- But he that sits and rules above the clouds,
- Doth hear and see the prayers of the just,
- And will revenge the blood of innocents
- That Guise hath slain by treason of his heart,
- And brought by murder to their timeless ends.
- The Massacre at Paris, Scene I.41-5
The Massacre at Paris
The Wedding of Navarre and Margaret
Location: Notre Dame Cathedral, Paris
This opening scene introduces both the historical context1 of the action to follow, and the three factions (Royal family, Catholic Guise faction, and Protestant Huguenots). It is likely that many in the original audience would have been broadly familiar with the main protagonists, with Guise murdered at the end of 1588, Catherine and Henry III dying in 1589, and Navarre still trying to assert his authority as King of France even as the play debuted at The Rose in January 1593. However, it is worth noting that Marlowe has changed the chronological order of events (both in real life and as laid out in his source [Varamund]) to start his drama with this pivotal wedding scene, with the earlier death of Navarre's mother delayed until Scene III.
King Charles IX opens the play with an apparently sincere welcome to the Huguenot Navarre, who has just married his sister Margaret, expressing the hope that both their union, and the "religious league" (I.3) that the wedding was also intended to cement, will last "till death dissolve our lives" (I.5). The king's mother, Catherine de Medici, makes a slightly more ambiguous welcome: "You see we love you well" (I.13), "our difference in religion / Might be a means to cross you in your love" (I.15-16). This difference is emphasised when the bride's family head inside the cathedral for a mass, leaving the Huguenots outside.2 As she departs, Catherine reveals her true intentions to the audience in an aside: she confides that she will "dissolve [the union] with blood and cruelty" (I.25). Here Marlowe is already insinuating the Queen Mother's guilt in the massacre, despite the fact that it was after all Catherine de Medici who had arranged this marriage in the face of opposition on both sides.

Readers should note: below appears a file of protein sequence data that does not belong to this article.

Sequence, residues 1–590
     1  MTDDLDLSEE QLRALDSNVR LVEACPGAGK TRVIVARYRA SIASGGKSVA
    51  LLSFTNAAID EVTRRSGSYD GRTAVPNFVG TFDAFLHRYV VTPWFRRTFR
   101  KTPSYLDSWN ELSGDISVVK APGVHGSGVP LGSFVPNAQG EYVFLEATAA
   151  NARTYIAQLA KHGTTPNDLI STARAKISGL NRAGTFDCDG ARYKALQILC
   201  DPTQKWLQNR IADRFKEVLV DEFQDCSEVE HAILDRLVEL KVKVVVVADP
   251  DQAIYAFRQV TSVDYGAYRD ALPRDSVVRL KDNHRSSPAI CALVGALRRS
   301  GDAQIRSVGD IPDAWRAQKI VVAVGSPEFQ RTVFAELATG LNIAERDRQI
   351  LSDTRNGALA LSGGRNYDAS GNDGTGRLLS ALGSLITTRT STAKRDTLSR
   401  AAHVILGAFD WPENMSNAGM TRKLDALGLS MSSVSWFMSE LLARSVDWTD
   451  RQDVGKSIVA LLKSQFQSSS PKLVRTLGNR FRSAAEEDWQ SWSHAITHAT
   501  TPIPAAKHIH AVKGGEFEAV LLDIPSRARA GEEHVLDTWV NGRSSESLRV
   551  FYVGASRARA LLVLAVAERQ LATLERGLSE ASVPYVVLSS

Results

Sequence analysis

Twiddling their thumbs outside Notre Dame, the three Huguenot leaders - Navarre, Prince Condé and Admiral Coligny - discuss their distrust of the Guises. Navarre initially states that now he is married to the king's sister, Guise can "do us little hurt" (I.27) even though he "seeks to murder all the protestants" (I.30). In anticipation of the massacre to come, Navarre has heard rumour "that all the Protestants that are in Paris / Should have been murdered the other night" (I.33-34) had Guise obtained the King's consent. Condé wonders that Guise should require the King's consent, "For what he doth the Pope will ratify" (I.39). Coligny notes how the Guise faction "did storm at these your nuptial rites" (I.48) because the marriage has only served to reinforce Navarre's claim to the French throne should the Valois line die out.
Navarre, somewhat insipidly, can only assert his faith in God, who he implicitly believes to be on his side, the side of the "just" (I.42). In this reported play text, the character of Navarre is left with few meaty or lengthy speeches, and his character rarely extends beyond a one-dimensional Protestant mouth-piece.3 We wonder how Marlowe pitched him in the original text, but it seems clear that he was far from being the clear-cut hero of the piece.
- Note 1: See the historical summary of the Navarre-Valois wedding. Back to Text
- Note 2: This detail is also in [Varamund]: "... the bride was with great traine and pompe led into the Church to heare Masse, and in the meane time the brydgrome who mislyked these ceremonies, together with Henrie Prince of Conde, sonne of Lewes, and the Admirall, and other noble men of the same Religion, walked without the Church dore, wayting for the Brides returne." All extracts from [Varamund] are quoted from Appendix B of [Oliver]. Back to Text
- Note 3: See [Oliver] pp.lxiv-lxvi for a discussion of Navarre's character. Back to Text